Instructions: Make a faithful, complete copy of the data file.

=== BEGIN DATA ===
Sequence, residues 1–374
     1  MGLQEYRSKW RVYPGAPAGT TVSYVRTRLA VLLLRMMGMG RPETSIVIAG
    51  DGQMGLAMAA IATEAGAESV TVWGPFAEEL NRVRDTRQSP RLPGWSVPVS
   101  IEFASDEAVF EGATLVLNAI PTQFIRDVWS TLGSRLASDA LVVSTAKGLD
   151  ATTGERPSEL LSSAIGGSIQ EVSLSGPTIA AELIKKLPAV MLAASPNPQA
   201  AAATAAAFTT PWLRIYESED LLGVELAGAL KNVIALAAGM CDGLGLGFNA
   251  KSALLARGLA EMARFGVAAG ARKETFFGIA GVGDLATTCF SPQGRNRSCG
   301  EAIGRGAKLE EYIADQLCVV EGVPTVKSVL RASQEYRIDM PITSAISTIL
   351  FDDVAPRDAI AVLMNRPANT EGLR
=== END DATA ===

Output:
Sequence, residues 1–374
     1  MGLQEYRSKW RVYPGAPAGT TVSYVRTRLA VLLLRMMGMG RPETSIVIAG
    51  DGQMGLAMAA IATEAGAESV TVWGPFAEEL NRVRDTRQSP RLPGWSVPVS
   101  IEFASDEAVF EGATLVLNAI PTQFIRDVWS TLGSRLASDA LVVSTAKGLD
   151  ATTGERPSEL LSSAIGGSIQ EVSLSGPTIA AELIKKLPAV MLAASPNPQA
   201  AAATAAAFTT PWLRIYESED LLGVELAGAL KNVIALAAGM CDGLGLGFNA
   251  KSALLARGLA EMARFGVAAG ARKETFFGIA GVGDLATTCF SPQGRNRSCG
   301  EAIGRGAKLE EYIADQLCVV EGVPTVKSVL RASQEYRIDM PITSAISTIL
   351  FDDVAPRDAI AVLMNRPANT EGLR